State labor market bounced back in May, added 4,100 jobs
After two months of sharp employment declines, Connecticut added an estimated 4,100 jobs in May, the state Department of Labor reported Thursday.
The gains partially were offset by revised numbers for April, during which an estimated 1,900 jobs were lost — 500 more than previously reported. Some 3,500 jobs were lost in March.
Connecticut's unemployment rate remained at 4.5 percent in May, unchanged from the previous month and down two-tenths of a percentage point from a year ago. Nationally, May's jobless rate was 3.8 percent, down from 3.9 percent in April.
"May's increase of 4,100 jobs overcame most of the decline we saw in March and April," Andy Condon, director of the labor department's Office of Research, said in a statement. "There was surprising strength in retail trade and a good showing for financial activities, both of which are now ahead of last year's pace."
Gov. Dannel P. Malloy hailed the monthly labor report soon after its release.
"The investments and efforts we have made to retain and grow private sector jobs while simultaneously shrinking the size of government are paying off," he said in a statement. "Today's job numbers demonstrate that Connecticut has more private sector jobs than we did before the Great Recession. It also reflects the fact that government is smaller today than when I took office — just as I promised to do eight years ago."
Excluding higher education, the state workforce is 13 percent smaller today than when Malloy took office in 2011, the governor's office said.
Donald Klepper-Smith, chief economist and director of research for DataCore Partners, characterized the May jobs report as "a positive step in the right direction" and "pretty encouraging."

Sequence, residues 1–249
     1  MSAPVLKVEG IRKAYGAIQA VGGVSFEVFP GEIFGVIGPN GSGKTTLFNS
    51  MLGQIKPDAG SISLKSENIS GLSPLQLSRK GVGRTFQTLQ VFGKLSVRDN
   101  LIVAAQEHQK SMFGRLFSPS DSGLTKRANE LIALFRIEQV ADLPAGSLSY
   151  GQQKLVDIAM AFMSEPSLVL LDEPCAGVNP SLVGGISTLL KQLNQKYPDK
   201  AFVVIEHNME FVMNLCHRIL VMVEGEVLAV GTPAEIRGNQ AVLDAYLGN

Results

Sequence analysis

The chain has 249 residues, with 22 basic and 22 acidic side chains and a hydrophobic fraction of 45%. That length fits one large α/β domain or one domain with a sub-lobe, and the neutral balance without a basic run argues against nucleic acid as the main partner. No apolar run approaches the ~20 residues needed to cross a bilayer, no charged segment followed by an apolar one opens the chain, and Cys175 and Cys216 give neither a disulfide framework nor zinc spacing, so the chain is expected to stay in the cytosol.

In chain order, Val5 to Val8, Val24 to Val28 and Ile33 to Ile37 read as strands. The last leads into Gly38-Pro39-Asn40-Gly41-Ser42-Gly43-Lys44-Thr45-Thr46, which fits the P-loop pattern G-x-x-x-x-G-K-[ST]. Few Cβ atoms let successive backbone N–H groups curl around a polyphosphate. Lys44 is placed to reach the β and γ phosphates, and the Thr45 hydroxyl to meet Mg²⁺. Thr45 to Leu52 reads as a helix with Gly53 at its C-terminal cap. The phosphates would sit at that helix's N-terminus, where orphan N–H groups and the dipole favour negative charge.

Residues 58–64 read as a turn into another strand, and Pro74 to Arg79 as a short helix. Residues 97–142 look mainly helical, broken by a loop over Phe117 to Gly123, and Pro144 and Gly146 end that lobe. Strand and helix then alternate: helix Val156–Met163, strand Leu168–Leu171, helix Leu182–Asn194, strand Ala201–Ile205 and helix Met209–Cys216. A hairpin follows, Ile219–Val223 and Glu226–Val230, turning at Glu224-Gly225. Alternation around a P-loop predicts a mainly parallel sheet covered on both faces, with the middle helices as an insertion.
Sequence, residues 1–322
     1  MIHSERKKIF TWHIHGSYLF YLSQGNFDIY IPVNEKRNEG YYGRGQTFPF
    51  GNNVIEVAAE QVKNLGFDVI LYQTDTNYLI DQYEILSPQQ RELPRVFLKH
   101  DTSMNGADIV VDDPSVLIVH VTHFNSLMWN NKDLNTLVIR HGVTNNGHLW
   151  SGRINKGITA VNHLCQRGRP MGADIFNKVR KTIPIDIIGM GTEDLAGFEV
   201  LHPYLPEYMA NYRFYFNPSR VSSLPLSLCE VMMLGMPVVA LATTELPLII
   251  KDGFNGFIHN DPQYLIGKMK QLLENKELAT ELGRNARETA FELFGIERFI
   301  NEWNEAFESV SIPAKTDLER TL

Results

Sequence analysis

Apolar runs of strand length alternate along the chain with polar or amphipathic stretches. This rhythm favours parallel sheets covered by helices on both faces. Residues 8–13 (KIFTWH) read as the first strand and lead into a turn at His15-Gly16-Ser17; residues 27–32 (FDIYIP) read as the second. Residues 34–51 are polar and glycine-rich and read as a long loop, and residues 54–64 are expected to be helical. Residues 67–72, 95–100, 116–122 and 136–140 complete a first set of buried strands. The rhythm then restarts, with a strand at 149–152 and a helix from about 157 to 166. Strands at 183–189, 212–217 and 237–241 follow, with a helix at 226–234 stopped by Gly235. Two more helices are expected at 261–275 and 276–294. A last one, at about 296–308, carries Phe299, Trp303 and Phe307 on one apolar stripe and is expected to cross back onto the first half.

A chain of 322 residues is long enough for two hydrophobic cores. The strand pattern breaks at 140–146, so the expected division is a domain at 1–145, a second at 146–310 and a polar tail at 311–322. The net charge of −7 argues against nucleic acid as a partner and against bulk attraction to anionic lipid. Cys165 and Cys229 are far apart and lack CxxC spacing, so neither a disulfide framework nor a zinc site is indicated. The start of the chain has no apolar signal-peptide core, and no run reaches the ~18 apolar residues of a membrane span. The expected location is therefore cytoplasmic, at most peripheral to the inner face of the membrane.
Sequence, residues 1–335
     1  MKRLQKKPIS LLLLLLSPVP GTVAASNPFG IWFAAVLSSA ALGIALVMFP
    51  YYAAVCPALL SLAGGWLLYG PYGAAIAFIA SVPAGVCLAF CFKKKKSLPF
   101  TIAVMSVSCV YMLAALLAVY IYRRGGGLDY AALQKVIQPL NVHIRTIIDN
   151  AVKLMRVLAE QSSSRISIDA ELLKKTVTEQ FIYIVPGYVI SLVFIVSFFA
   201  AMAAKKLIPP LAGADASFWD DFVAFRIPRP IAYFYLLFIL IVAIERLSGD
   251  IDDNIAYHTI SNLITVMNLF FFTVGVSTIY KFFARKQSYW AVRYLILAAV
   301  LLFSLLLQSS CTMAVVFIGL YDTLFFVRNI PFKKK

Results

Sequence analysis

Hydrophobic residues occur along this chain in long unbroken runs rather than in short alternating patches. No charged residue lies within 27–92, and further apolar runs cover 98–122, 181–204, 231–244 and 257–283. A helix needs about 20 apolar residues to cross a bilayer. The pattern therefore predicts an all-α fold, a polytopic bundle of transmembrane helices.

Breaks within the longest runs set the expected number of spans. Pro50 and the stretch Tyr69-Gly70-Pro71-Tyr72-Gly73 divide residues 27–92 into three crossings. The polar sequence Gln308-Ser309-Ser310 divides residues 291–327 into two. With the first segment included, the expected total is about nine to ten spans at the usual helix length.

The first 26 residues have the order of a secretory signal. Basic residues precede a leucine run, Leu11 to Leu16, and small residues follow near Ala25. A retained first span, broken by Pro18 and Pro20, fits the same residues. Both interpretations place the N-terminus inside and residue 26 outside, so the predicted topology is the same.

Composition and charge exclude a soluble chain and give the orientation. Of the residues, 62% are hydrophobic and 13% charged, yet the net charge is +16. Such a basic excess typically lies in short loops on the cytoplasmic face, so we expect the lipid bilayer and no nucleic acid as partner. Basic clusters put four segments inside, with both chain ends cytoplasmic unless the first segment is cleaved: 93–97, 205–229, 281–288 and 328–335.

"My strong sense is that employers will continue to add jobs through the balance of 2018, but only on a selective basis where they can add to bottom line productivity or profitability," Klepper-Smith wrote in his online newsletter. "The May data for CT represents a (year-over-year) gain of 11,500 jobs, or 0.7 percent. CT's labor markets still continue to underperform in the larger context. In a few words: 'A labor market that is moving sideways more than anything else.'"
The labor department reported that private sector employment grew by 4,300 jobs in May while the government "supersector" — all federal, state and local employment, including public higher education and Native American casino employment on tribal land — lost 200 positions.
Overall, five of the 10 major industry sectors gained employment while four declined. Manufacturing employment was unchanged. The trade, transportation and utilities sector added 2,600 jobs, the most of any sector.
Five of the state's six Labor Market Areas posted job gains in May, led by the Harford area, which added 900 new positions. The Norwich-New London-Westerly area added 600 jobs.
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